Zennya is a Philippine-made health and wellness app which provides in-home massage sessions. When you get the free app, it lets you choose a variety of massage services and lists down all the details you need to know about each service. Once you’ve made your decision, you can start booking your physical therapists. (You can choose to get a male or female therapist if you’re particular about that) It’s also kind of like Grab but for physical therapists.
6. Smoke Free
I used to be a huge smoker. I’d take packs of cigarettes to my room (the amount depended on whether or not I was planning to eat) and I’d mindlessly burn through them as I went about my day. I thought of myself as a hungry smoker; some people could make a cigarette last for a long time, but I’d puff through one in a minute. I was able to quit, but that took a lot of perseverance and, well, weight gain and an old job that entailed checking news about the tobacco industry everyday.
Quitting is really hard, which is why I’m grateful for apps like Smoke Free, which helps people stop smoking. It’s a free app that logs how long it’s been since you last smoked, the amount of money you’ve saved, and how much your health has improved. It also encourages you to stay on the smoke-free path by giving you missions designed to help you stop, as well as helps you manage your cravings.
BetterHelp is an app that provides online therapy and counseling services. If you download it, you’re matched to a counselor or licensed therapists best suited to your needs, and you can text them your problems. Listen, therapy can be stressful, especially in the beginning. I feel more comfortable writing my feelings down over verbally speaking out, and so many of my therapy sessions consist of filling the time by saying things I don’t really mean. If you feel the same way, BetterHelp might be useful to you. However, do note that this isn’t a replacement for seeing a psychiatrist or taking medication.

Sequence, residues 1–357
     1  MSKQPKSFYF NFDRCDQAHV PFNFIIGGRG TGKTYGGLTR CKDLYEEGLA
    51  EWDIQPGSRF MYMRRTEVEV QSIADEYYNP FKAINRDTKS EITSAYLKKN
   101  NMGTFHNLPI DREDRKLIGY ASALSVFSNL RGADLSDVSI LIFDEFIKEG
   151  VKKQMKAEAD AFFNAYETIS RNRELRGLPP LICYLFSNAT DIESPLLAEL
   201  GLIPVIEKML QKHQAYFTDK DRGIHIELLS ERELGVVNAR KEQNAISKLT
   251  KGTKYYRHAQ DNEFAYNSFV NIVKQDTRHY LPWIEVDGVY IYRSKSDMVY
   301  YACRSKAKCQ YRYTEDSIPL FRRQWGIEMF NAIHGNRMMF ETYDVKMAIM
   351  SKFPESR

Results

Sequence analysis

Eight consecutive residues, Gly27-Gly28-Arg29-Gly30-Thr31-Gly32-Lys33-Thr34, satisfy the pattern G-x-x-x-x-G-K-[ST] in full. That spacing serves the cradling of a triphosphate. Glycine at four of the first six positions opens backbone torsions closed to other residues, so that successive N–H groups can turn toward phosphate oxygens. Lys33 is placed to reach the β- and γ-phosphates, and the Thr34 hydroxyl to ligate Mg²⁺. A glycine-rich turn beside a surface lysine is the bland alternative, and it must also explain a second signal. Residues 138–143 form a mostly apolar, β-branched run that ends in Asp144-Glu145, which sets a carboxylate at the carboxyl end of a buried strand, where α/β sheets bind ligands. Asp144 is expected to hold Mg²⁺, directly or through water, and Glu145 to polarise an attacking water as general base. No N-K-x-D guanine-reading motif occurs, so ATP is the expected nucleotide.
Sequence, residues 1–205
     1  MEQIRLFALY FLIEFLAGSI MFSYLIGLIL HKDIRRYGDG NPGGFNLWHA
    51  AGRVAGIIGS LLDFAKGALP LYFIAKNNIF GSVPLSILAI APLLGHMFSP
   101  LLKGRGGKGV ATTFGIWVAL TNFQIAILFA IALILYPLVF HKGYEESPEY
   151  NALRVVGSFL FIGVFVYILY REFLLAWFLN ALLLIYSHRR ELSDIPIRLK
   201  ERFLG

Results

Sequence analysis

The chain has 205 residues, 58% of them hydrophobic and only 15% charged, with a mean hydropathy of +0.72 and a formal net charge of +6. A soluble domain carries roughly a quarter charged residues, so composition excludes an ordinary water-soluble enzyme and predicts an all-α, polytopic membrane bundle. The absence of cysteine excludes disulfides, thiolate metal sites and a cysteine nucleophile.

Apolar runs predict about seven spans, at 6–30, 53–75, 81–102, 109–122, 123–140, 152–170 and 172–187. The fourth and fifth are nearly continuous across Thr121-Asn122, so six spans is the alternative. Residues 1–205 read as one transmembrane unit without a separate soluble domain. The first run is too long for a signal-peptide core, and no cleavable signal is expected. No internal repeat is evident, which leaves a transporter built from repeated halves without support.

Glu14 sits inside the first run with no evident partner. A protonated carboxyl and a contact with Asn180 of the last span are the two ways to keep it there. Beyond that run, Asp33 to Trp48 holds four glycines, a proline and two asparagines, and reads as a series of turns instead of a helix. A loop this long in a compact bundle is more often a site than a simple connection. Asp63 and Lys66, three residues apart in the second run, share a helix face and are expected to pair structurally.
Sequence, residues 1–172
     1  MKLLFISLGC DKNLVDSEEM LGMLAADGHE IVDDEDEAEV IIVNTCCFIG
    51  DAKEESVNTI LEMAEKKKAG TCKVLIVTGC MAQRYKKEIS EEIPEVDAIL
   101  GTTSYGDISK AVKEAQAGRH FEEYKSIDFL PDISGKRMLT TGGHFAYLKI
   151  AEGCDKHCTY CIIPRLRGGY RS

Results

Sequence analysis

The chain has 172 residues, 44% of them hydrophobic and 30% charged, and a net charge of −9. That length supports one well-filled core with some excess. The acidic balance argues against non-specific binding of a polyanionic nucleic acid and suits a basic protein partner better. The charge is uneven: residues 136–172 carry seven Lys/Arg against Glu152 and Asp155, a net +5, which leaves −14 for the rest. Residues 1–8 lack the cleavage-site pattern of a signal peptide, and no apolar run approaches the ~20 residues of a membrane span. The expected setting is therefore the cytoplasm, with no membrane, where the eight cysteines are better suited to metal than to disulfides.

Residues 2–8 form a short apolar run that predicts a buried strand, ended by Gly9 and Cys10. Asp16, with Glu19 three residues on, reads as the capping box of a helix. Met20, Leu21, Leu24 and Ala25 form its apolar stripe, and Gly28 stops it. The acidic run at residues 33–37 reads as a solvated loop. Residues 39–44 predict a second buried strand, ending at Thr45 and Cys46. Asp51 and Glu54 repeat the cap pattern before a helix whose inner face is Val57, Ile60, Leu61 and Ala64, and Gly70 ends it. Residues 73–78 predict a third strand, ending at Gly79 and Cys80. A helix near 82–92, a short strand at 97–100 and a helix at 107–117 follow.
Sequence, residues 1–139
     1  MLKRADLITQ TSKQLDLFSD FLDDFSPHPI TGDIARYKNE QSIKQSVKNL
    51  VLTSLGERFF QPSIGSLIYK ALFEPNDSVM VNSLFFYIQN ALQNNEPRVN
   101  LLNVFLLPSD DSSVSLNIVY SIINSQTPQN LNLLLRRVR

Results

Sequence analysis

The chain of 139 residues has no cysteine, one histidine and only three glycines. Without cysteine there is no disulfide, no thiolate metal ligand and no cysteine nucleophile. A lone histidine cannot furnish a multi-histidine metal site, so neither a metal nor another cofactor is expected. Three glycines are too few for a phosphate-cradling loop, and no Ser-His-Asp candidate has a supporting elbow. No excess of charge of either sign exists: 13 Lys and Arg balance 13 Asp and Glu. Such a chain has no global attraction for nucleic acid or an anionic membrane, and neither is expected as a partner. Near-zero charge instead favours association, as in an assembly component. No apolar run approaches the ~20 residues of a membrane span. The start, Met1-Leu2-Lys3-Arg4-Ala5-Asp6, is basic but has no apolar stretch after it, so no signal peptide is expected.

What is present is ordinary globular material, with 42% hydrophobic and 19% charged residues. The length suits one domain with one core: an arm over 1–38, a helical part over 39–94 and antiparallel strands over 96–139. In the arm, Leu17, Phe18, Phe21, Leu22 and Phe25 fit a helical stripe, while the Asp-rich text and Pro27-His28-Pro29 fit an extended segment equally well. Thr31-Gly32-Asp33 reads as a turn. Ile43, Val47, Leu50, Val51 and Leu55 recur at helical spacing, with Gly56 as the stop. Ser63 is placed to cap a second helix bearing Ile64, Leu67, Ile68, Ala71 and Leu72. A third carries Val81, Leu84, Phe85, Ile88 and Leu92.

#SelfCare is a free game that allows you to pretend that you’re staying in bed for the day. That’s it, that’s the whole premise. On the screen is a woman snuggling under her covers (that’s you!) in a pastel room, and you can get her to do a few activities like water a plant. The activities themselves come in the form of mini-games. I tried one that turned out to be a spelling game, and I started spelling out stressful words such as “mute all,” “stagnant,” “soft block,” and saw them quickly dissolve, followed up by gentle words of encouragement. I then saw the words progressively become more positive, from “dignified,” “fulfilling,” to “stand tall.” (Reading more about this taught me that this was meant to be a positive word association game)
It’s designed to let you check in for a few minutes (nothing more than that) each day as a breather, and the game itself teaches you mindfulness (watering the plant involves you breathing in and out to the movement of a flower unfurling, though the app reminds you that you can choose your own pace).
Going to the hospital or setting up an appointment by yourself is scary. Aide, which is a locally made free app, helps with that by letting you book a set of on-call medical practitioners who can do home services through the app. Think of it as Grab, but with doctors, nurses, physical therapists, and the like. They also do medicine deliveries and give out free lab tests, as well as grooming and vaccine services for your pets. The app is also planning to roll out ambulances soon, too.
If you want to see more apps, you can check out our previous list: Self-care is the most important wellness trend of 2018